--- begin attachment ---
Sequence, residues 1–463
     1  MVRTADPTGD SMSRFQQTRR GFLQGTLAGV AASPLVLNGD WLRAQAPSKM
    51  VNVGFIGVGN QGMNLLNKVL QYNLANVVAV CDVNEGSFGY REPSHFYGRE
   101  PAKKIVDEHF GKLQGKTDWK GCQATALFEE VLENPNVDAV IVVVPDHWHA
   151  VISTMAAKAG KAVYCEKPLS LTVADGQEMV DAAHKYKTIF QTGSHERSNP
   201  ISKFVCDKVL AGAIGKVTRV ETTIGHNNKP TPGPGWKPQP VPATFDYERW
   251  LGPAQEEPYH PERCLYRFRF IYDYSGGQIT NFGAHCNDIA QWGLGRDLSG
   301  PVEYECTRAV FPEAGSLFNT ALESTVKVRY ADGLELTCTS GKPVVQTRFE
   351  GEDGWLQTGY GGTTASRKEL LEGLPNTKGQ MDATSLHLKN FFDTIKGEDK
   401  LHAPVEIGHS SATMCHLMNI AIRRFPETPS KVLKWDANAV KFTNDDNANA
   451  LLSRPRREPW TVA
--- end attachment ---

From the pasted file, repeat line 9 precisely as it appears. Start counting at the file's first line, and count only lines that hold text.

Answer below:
   351  GEDGWLQTGY GGTTASRKEL LEGLPNTKGQ MDATSLHLKN FFDTIKGEDK